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Hveger

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Majestic View Drop Down
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Joined: 23 Mar 2013
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    Posted: 18 Aug 2016 at 11:24am
How good is this mare as a broodmare. Raced Australia, to stud in Australia 2 foals 2 raced 1 winner Valdamoro, placed G1 VRC Oaks,etc. exported to Ireland 3 foals 3 raced 2 winners Highland Reel and Idaho, both SW's, both by Galileo and a Galileo filly to come. Continuing the Elvstroem, Haradasun, etc family. Interesting to see if the Irish will dabble with Elvstroem now he is in France.
As an aside, the Galileo x Danehill appears to be working, what about the Danehill x Galileo, especially if the Irish use their Galileo mares with their Danehill line stallions.
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djebel View Drop Down
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Post Options Post Options   Thanks (0) Thanks(0)   Quote djebel Quote  Post ReplyReply Direct Link To This Post Posted: 18 Aug 2016 at 1:53pm
Thank christ she was sent to Europe. Her progeny would have been butchered down here as we saw with Valdemoro


STRIKE WHILST THE IRON IS HOT

reductio ad absurdum

The richest man is not he who has the most, but he who needs the least.

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Post Options Post Options   Thanks (0) Thanks(0)   Quote furious Quote  Post ReplyReply Direct Link To This Post Posted: 18 Aug 2016 at 2:03pm
It really still doesn't make sense djebel why this family can't win at the moment here.  I just don't know why when obviously they are star stayers and we sadly lack great depth in that field.  And don't bring out the old chestnut that we should run them as two year olds.  Both these colts raced as two year olds.  Highland Reel started in June which is relatively early for Europe and won a G2 by 2 1/4 lengths in the July of his 2yo season.  He's travelled to the other side of the world and back and still is a top G1 quality horse.


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Post Options Post Options   Thanks (0) Thanks(0)   Quote djebel Quote  Post ReplyReply Direct Link To This Post Posted: 18 Aug 2016 at 2:13pm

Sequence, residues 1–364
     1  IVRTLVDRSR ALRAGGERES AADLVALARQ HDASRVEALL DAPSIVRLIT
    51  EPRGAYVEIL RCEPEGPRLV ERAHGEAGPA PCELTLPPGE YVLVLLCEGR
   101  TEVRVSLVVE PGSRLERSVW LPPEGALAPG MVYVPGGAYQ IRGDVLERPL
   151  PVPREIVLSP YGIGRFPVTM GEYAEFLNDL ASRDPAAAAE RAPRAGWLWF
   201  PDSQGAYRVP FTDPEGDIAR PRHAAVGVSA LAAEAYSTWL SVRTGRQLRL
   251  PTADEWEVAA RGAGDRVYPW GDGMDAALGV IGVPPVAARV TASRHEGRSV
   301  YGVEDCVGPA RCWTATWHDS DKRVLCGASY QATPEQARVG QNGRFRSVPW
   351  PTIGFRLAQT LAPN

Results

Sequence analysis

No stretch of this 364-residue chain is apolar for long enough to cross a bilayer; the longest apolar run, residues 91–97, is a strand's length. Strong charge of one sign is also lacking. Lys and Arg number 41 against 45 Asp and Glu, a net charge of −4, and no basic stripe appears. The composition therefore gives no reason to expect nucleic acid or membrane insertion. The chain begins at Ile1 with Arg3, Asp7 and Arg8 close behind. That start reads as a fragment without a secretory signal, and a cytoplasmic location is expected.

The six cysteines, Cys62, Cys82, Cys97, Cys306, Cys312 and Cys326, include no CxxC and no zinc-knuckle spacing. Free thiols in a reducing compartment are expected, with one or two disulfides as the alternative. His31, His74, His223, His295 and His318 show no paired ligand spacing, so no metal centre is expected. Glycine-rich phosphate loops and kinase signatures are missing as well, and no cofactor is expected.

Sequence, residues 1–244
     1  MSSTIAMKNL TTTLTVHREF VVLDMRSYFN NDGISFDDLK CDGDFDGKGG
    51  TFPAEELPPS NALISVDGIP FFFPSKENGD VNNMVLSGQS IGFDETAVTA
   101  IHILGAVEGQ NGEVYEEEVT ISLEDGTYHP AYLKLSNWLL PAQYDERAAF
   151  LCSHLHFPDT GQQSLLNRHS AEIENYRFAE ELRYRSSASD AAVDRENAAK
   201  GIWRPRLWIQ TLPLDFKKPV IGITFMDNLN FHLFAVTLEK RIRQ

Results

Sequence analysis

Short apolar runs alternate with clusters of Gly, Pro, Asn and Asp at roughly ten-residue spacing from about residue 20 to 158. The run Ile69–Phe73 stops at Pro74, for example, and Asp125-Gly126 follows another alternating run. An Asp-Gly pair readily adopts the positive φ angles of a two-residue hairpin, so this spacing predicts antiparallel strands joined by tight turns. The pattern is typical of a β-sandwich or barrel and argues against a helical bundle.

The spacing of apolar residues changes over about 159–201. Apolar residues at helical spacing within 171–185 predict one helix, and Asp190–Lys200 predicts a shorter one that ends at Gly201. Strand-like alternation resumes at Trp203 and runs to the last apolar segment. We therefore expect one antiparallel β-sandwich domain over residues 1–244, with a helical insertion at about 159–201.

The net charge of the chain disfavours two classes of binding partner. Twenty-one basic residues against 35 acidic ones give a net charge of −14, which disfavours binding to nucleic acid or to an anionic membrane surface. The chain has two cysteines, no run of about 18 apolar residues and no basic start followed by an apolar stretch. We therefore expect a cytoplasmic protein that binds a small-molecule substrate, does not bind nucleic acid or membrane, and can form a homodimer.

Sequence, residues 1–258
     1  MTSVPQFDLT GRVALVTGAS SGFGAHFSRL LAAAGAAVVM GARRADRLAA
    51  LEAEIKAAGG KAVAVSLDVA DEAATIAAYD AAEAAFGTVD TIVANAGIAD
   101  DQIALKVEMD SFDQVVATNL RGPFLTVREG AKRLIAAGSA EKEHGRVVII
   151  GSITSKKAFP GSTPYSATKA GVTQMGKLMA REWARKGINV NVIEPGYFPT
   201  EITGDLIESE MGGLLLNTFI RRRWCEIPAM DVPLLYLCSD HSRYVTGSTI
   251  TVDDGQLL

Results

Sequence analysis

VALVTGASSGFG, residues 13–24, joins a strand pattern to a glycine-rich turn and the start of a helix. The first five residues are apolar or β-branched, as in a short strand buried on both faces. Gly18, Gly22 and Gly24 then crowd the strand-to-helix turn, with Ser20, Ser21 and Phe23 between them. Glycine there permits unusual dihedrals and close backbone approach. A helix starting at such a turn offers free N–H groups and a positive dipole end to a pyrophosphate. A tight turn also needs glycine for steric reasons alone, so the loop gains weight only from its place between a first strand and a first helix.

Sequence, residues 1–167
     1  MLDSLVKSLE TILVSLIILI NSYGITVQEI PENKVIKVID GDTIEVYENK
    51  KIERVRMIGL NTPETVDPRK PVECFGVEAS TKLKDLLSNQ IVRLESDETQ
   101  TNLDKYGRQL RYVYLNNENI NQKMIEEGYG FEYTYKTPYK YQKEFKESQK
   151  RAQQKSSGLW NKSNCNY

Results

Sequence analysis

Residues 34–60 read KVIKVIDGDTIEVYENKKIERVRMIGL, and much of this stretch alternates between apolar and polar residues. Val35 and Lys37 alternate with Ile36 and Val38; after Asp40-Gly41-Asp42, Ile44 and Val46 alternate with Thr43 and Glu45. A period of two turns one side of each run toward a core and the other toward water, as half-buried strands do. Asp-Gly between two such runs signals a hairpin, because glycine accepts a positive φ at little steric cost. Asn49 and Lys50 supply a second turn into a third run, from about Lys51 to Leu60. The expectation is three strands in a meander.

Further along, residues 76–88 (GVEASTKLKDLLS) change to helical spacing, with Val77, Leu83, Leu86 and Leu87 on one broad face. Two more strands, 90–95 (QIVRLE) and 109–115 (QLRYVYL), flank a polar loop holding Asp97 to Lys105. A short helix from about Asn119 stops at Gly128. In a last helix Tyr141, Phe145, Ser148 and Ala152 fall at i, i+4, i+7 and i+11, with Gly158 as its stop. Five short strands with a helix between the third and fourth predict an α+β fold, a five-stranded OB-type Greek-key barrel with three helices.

Makybe Diva should have been sent to Europe for her breeding career.

Freak of a horse that over came the obstacle of being trained by Australians to be a Superstar over a variety if trips. She has the type of pedigree that should have excelled as a broodmare.




STRIKE WHILST THE IRON IS HOT

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The richest man is not he who has the most, but he who needs the least.

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Post Options Post Options   Thanks (0) Thanks(0)   Quote Majestic Quote  Post ReplyReply Direct Link To This Post Posted: 06 Sep 2016 at 10:35pm
The owner of MD should send her to Ireland and Galileo and have progeny trained in UK. I'll bet they star over there. What do forumites think?
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Post Options Post Options   Thanks (0) Thanks(0)   Quote djebel Quote  Post ReplyReply Direct Link To This Post Posted: 07 Sep 2016 at 3:21pm
Andrew Eddy
August 3, 2007

IT IS easy to understand Frank Tagg's relaxed mood on the eve of Haradasun's return to racing tomorrow. Syndicate manager of a relatively small-time breeding operation, Tagg and his partners have found themselves in the position of which every breeder dreams. No matter what happens, they can't lose. No matter what happens, they are millionaires many times over.

But there's even more to come for the lucky owners of the super broodmare Circles Of Gold. Haradasun's breeders — Tagg, his wife Sally, Garry and Leone Moffitt and Frank and Marie Meduri, who race their horses in the now-familiar colours of yellow, red diamond band, white sleeves, red diamond armbands and cap — made a tidy and undisclosed profit of many millions of dollars by selling a majority share of their international winner Elvstroem to Blue Gum Farm stud in Victoria. In the past month, they were paid something in the vicinity of $22 million for a half-share of Elvstoem's half-brother, Haradasun.

So that's still a half-share in the horse that could win any number of millions of dollars in the next 15 months throughout the world on the racetrack, and then potentially hundreds of millions as a headline stallion at Coolmore Stud in the Hunter Valley in NSW and either of the Coolmore northern hemisphere farms, in the US and Ireland.

There's still more. Elvstroem and Haradasun, who both have won millions on the track, are the most recognisable horses out of the mare Circles Of Gold, an AJC Oaks winner who Tagg and his partners bought as a yearling in 1993 for what now seems one of the great bargains of all time at $50,000. But most of their siblings, by association, are also incredibly valuable.